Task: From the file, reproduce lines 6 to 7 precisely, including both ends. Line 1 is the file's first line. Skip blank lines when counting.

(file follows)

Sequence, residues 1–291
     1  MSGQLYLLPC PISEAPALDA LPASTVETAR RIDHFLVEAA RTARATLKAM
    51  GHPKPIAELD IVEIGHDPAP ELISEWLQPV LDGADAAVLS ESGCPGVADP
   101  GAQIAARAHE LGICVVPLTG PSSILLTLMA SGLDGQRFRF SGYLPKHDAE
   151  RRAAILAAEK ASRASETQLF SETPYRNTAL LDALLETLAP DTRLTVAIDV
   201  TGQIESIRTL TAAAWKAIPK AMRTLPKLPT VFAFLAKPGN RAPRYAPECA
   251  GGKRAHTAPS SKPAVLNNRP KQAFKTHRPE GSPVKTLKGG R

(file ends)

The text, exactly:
   201  TGQIESIRTL TAAAWKAIPK AMRTLPKLPT VFAFLAKPGN RAPRYAPECA
   251  GGKRAHTAPS SKPAVLNNRP KQAFKTHRPE GSPVKTLKGG R